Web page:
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1.  Hot Transcriptomics 
Archaea  2011;2010:897585.
DNA microarray technology allows for a quick and easy comparison of complete transcriptomes, resulting in improved molecular insight in fluctuations of gene expression. After emergence of the microarray technology about a decade ago, the technique has now matured and has become routine in many molecular biology laboratories. Numerous studies have been performed that have provided global transcription patterns of many organisms under a wide range of conditions. Initially, implementation of this high-throughput technology has lead to high expectations for ground breaking discoveries. Here an evaluation is performed of the insight that transcriptome analysis has brought about in the field of hyperthermophilic archaea. The examples that will be discussed have been selected on the basis of their impact, in terms of either biological insight or technological progress.
doi:10.1155/2010/897585
PMCID: PMC3038420  PMID: 21350598
2.  Fidelity in Archaeal Information Processing 
Archaea  2010;2010:960298.
A key element during the flow of genetic information in living systems is fidelity. The accuracy of DNA replication influences the genome size as well as the rate of genome evolution. The large amount of energy invested in gene expression implies that fidelity plays a major role in fitness. On the other hand, an increase in fidelity generally coincides with a decrease in velocity. Hence, an important determinant of the evolution of life has been the establishment of a delicate balance between fidelity and variability. This paper reviews the current knowledge on quality control in archaeal information processing. While the majority of these processes are homologous in Archaea, Bacteria, and Eukaryotes, examples are provided of nonorthologous factors and processes operating in the archaeal domain. In some instances, evidence for the existence of certain fidelity mechanisms has been provided, but the factors involved still remain to be identified.
doi:10.1155/2010/960298
PMCID: PMC2943090  PMID: 20871851
3.  Improving low-temperature activity of Sulfolobus acidocaldarius 2-keto-3-deoxygluconate aldolase 
Archaea  2009;2(4):233-239.
Sulfolobus acidocaldarius 2-keto-3-deoxygluconate aldolase (SacKdgA) displays optimal activity at 95 °C and is studied as a model enzyme for aldol condensation reactions. For application of SacKdgA at lower temperatures, a library of randomly generated mutants was screened for improved synthesis of 2-keto-3-deoxygluconate from pyruvate and glyceraldehyde at the suboptimal temperature of 50 °C. The single mutant SacKdgA-V193A displayed a threefold increase in activity compared with wild type SacKdgA. The increased specific activity at 40–60 °C of this mutant was observed, not only for the condensation of pyruvate with glyceraldehyde, but also for several unnatural acceptor aldehydes. The optimal temperature for activity of SacKdgA-V193A was lower than for the wild type enzyme, but enzymatic stability of the mutant was similar to that of the wild type, indicating that activity and stability were uncoupled. Valine193 has Van der Waals interactions with Lysine153, which covalently binds the substrate during catalysis. The mutation V193A introduced space close to this essential residue, and the increased activity of the mutant presumably resulted from increased flexibility of Lysine153. The increased activity of SacKdgA-V193A with unaffected stability demonstrates the potential for optimizing extremely thermostable aldolases for synthesis reactions at moderate temperatures.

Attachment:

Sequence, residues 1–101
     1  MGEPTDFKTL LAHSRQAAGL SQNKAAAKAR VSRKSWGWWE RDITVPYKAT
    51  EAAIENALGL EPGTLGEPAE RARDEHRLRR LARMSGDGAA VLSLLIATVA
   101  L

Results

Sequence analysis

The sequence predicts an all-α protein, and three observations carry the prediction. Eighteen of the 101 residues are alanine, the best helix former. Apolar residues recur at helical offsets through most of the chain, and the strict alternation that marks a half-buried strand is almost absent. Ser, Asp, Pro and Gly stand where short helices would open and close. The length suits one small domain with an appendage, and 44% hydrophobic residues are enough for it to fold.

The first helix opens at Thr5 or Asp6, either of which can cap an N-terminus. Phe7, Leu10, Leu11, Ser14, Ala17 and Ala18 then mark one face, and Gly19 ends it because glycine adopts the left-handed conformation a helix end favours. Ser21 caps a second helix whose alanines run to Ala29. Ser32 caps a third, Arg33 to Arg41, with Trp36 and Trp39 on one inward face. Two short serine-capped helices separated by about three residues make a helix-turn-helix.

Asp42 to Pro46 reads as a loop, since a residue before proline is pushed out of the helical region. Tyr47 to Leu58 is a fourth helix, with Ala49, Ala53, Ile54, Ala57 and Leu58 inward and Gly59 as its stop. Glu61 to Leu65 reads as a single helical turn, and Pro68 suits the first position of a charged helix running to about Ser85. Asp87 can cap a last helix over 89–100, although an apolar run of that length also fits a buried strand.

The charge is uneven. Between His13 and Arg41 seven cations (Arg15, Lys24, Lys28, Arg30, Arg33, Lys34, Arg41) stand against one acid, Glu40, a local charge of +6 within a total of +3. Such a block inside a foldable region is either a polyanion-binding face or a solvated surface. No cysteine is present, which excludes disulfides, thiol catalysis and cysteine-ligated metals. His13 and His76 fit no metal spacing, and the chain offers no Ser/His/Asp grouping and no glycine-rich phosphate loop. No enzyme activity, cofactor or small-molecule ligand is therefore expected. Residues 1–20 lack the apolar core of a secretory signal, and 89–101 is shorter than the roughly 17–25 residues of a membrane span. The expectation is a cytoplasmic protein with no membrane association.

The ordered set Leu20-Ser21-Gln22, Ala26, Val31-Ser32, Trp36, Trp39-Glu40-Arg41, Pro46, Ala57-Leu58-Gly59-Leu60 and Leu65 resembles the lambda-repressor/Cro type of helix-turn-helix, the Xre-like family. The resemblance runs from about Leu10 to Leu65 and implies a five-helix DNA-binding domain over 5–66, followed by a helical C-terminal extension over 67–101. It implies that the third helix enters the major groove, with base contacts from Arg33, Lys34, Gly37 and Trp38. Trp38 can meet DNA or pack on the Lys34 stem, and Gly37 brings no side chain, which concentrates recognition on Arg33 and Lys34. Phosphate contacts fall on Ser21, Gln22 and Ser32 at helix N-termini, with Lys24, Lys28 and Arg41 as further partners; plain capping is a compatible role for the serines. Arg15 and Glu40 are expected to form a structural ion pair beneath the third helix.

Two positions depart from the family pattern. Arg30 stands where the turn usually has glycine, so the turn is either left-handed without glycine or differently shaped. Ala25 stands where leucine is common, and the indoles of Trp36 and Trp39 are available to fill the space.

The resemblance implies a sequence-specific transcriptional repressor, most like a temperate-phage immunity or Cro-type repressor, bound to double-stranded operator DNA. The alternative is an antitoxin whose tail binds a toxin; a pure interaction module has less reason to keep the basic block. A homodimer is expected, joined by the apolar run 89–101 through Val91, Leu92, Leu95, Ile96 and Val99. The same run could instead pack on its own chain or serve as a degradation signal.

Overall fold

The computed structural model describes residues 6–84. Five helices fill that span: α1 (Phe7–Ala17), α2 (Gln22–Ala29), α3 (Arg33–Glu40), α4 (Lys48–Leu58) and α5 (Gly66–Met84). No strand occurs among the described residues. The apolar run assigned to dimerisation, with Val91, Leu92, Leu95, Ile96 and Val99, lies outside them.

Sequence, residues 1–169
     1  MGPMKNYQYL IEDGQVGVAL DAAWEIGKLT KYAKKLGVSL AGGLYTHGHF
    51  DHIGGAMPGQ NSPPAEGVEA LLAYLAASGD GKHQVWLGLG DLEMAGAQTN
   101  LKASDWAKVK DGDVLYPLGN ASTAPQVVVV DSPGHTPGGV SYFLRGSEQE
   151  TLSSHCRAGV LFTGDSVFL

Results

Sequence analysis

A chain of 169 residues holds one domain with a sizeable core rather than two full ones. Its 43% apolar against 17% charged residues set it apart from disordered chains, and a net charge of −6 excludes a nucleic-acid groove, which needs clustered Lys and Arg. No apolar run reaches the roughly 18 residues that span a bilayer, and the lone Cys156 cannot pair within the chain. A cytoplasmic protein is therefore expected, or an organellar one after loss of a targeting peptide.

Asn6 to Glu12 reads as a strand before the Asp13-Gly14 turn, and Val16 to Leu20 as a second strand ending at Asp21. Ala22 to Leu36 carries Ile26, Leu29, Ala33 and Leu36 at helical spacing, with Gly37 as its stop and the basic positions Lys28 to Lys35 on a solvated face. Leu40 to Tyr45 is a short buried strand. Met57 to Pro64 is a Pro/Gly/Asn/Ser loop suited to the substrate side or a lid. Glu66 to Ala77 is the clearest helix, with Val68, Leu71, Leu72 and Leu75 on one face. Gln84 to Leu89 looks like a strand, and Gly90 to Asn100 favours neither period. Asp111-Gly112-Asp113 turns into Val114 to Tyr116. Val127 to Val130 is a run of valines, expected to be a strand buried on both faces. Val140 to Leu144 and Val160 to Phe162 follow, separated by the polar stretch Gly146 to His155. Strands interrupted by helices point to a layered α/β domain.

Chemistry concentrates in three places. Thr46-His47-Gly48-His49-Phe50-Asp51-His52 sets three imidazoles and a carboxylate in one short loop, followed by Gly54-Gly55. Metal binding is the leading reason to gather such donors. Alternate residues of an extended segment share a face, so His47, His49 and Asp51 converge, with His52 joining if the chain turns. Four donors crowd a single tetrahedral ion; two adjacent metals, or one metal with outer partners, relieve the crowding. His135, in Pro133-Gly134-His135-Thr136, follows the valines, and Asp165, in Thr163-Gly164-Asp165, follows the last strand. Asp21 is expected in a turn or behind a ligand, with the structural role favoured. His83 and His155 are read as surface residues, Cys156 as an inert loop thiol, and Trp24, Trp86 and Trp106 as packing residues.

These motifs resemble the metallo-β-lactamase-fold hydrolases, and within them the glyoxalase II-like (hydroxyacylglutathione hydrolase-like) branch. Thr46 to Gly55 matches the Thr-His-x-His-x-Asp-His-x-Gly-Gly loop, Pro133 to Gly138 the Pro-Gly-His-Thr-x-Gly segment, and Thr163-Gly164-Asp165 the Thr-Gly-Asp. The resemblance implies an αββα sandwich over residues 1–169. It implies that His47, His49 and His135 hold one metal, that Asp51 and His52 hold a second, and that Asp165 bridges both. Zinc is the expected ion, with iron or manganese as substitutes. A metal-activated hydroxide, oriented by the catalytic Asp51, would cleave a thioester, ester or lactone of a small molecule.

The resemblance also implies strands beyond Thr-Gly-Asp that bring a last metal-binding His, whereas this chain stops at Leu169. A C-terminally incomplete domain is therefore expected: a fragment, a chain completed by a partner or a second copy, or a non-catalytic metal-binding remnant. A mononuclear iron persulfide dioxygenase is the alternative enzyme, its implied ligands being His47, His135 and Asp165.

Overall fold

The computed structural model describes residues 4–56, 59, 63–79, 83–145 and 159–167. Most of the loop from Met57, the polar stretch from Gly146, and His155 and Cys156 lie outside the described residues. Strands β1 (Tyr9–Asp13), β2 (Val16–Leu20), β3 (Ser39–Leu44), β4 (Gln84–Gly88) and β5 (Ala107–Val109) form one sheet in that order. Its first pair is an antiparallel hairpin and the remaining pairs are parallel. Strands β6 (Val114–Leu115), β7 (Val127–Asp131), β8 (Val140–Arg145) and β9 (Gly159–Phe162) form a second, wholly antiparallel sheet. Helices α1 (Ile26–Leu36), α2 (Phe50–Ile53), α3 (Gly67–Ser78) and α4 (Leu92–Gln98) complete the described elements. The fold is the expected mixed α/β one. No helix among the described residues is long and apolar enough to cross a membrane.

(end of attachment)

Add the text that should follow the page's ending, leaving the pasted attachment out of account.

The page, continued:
PMCID: PMC2686391  PMID: 19478916
biocatalysis; directed evolution; enzyme; error-prone PCR; laboratory evolution; thermophile
4.  Molecular analysis of the role of two aromatic aminotransferases and a broad-specificity aspartate aminotransferase in the aromatic amino acid metabolism of Pyrococcus furiosus  
Archaea  2002;1(2):133-141.
The genes encoding aromatic aminotransferase II (AroAT II) and aspartate aminotransferase (AspAT) from Pyrococcus furiosus have been identified, expressed in Escherichia coli and the recombinant proteins characterized. The AroAT II enzyme was specific for the transamination reaction of the aromatic amino acids, and uses α-ketoglutarate as the amino acceptor. Like the previously characterized AroAT I, AroAT II has highest efficiency for phenylalanine (kcat/Km = 923 s–1 mM–1). Northern blot analyses revealed that AroAT I was mainly expressed when tryptone was the primary carbon and energy source. Although the expression was significantly lower, a similar trend was observed for AroAT II. These observations suggest that both AroATs are involved in amino acid degradation. Although AspAT exhibited highest activity with aspartate and α-ketoglutarate (kcat ~105 s–1), it also showed significant activity with alanine, glutamate and the aromatic amino acids. With aspartate as the amino donor, AspAT catalyzed the amination of α-ketoglutarate, pyruvate and phenylpyruvate. No activity was detected with either branched-chain amino acids or α-keto acids. The AspAT gene (aspC) was expressed as a polycistronic message as part of the aro operon, with expression observed only when the aromatic amino acids were absent from the growth medium, indicating a role in the biosynthesis of the aromatic amino acids.
PMCID: PMC2685563  PMID: 15803651
phenylalanine; phenylpyruvate

Results 1-4 (4)